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High energy photons scatter off electrons via Compton scattering. The differential cross section of this scattering is given by the Klein-Nishina formula, which contains within it the classical radius of the electron, $r_{e}$,

$$\frac{d\sigma}{d\Omega} = \frac{1}{2}r_{e}^{2}\left(\frac{\lambda}{\lambda’}\right)^{2} \left[\frac{\lambda}{\lambda’} + \frac{\lambda’}{\lambda}-\sin^{2} \theta\right]$$

Have the equivalent experiments been done with the proton? Is there a "classical proton radius"? The closest equivalent I can find is the proton charge radius, which stems from electron-proton scattering.

Edit: The differential cross section of high energy photons hitting protons found here (Figs. 10 and 11) looks quite similar to data from Compton scattering off an electron (pdf, Fig 2). This seems to suggest both are governed by similar equations, meaning there is a classical radius for the proton.

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Is there a classical radius for the proton?

You can determine the classical proton radius in the same way as you can determine the classical electron radius. Just substitute the mass of the proton for the mass of the electron.

Ignoring geometric factors, the classical proton radius can be estimated in the same was as the classical electron radius as: $$ R_{\text{CL}} = \frac{e^2}{4\pi \epsilon_0M_pc^2}\approx 10^{-18}\text{meters}\;, $$ where $e$ is the charge of the proton, $M_p$ is the mass of the proton, $c$ is the speed of light, and $\epsilon_0$ is that dumb constant that shows up in SI electrostatic units.



Update:

In natural units, where $c=\hbar=1$, we can also write the classical proton radius as: $$ R_{\text{CL}} = \frac{\alpha \hbar c}{M_pc^2} = \frac{\alpha}{M_p}\;, $$ where $\alpha \approx 1/137$.

And we can write the classical electron radius as: $$ r_{e} = \frac{\alpha \hbar c}{M_ec^2} = \frac{\alpha}{m_e}\;. $$

So, in these units, a factor of the classical radius is equivalent to $\alpha$ divided by a factor of the respective mass.


Looking at section 8.4 of these notes, the elastic Mott Scattering formula for electron-proton scattering at high energy is: $$ \frac{d\sigma}{d\Omega} = \frac{\alpha^2}{4p_e\sin^4(\theta/2)}\left(\cos^2(\theta/2) - \frac{(\Delta p)^2}{2 M_p^2}\sin^2(\theta/2)\right) $$ $$ = \frac{1}{4p_e\sin^4(\theta/2)}\left(\alpha^2\cos^2(\theta/2) - \frac{R^2_{\text{CL}}(\Delta p)^2}{2}\sin^2(\theta/2)\right)\;, $$ which is Eq. (8.5) of the linked reference, and where the classical proton radius can be seen on the far RHS above.

For comparison, in the low energy limit, this formula reduces to Eq. (8.6) in the linked reference: $$ \frac{d\sigma}{d\Omega} = \frac{\alpha^2}{4m_e^2v_e^4\sin^4(\theta/2)} $$ $$ \frac{r_e^2}{4v_e^4\sin^4(\theta/2)}\;. $$

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  • $\begingroup$ Yes, mathematically a similar value can be calculated. I'm more interested in whether it has any physical meaning, as the classical electron radius appears to. $\endgroup$ Commented May 7, 2023 at 0:29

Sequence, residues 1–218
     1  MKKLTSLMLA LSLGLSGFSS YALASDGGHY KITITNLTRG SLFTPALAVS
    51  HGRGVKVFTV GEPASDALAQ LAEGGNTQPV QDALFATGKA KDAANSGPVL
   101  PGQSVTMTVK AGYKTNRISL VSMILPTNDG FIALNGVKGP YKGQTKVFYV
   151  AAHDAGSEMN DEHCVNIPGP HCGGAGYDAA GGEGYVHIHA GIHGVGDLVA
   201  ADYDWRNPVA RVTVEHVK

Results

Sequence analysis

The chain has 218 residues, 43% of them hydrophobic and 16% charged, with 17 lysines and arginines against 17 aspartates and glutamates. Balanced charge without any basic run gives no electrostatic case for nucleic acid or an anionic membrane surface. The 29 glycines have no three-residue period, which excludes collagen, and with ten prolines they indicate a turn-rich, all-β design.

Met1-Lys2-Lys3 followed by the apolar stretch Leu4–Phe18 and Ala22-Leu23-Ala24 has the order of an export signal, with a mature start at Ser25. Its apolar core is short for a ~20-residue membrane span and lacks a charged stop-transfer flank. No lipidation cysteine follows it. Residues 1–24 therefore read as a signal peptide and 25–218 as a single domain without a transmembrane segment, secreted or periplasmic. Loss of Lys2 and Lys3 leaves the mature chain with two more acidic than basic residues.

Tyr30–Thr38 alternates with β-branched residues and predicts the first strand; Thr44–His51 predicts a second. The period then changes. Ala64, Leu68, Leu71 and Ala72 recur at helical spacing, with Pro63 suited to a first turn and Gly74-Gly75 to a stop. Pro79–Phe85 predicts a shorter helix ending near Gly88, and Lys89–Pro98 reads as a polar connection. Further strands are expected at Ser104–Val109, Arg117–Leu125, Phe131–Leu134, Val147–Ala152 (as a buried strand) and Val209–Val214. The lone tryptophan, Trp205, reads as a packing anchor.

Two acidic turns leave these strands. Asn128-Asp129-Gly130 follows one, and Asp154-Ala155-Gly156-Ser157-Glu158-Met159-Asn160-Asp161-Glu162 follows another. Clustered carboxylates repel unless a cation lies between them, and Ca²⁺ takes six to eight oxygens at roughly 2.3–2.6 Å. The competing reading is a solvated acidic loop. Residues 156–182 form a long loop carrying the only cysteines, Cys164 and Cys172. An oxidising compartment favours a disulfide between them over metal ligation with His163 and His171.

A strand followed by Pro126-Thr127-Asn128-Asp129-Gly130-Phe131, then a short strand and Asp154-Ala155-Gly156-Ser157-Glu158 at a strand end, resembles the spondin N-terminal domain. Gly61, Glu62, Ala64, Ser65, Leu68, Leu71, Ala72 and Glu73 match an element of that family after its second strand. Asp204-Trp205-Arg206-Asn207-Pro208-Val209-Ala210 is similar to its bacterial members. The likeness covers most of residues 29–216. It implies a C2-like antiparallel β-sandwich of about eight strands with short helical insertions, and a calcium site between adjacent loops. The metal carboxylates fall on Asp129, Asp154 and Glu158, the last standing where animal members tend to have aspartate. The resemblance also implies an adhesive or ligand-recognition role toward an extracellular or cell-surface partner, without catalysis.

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    $\begingroup$ "Physical meaning" questions are often answered with opinions and baloney. But, in short, no, there is no "physical meaning" other than the radius of a sphere whose electrostatic self energy is equal to the rest mass of the proton. $\endgroup$
    – hft
    Commented May 7, 2023 at 2:15
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    $\begingroup$ The classical electron radius is already close to a femtometer, which would be the usual scale we associated with a proton. The classical proton radius is about 2000 times smaller. So, seemingly quite unrelated to "physically meaningful" length scales. $\endgroup$
    – hft
    Commented May 7, 2023 at 2:18
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    $\begingroup$ @WaveInPlace I have updated my answer to provide one example of electron-proton scattering and where the classical proton radius appears, and how it goes away in the low energy limit. $\endgroup$
    – hft
    Commented May 7, 2023 at 16:45
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    $\begingroup$ Right, but the electron has no compositeness size, zero, while the proton is a hadron of size about one fermi… trying to give meaning to the classical proton radius is thus a bit absurd, as you suggest… $\endgroup$ Commented May 8, 2023 at 2:13
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Here is how I would go about this.

If I know (from scattering experiments) the diameter of a certain nucleus, and I know the number of nucleons contained within that nucleus, and I assume the nucleus is approximately spherical, then geometry and algebra will yield an estimate of the "classical" proton diameter, which the margin of this page is too small to contain.

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$$r_{p} = \frac{{m_{e} \alpha^2}}{{m_{p} \pi R_{\infty}}}=8.41235641(34 \pm26)\cdot10^{-16} \: \text m$$

Based on torque balance, this was known to be the most accurate classical formula for the proton radius prior to the empirical correction by better than 4% that occurred recently. It is still within the best current empirical correction.

The derivation is: $$m_{e}=\frac{2 h R_{\infty}}{c \alpha}$$ $$m_{e} r_{e}=\frac{2 h}{c \pi}$$ $$m_{e} r_{e} = m_{p} r_{p}$$ Eliminating $c$, $h$ and $r_{e}$ we have: $$m_{p} \pi R_{\infty} r_{p} = m_{e} \alpha^2$$ Solve for $r_{p}$: $$r_{p} = \frac{{m_{e} \alpha^2}}{{m_{p} \pi R_{\infty}}}=8.41235641(34 \pm26)\cdot10^{-16} \:\text m$$

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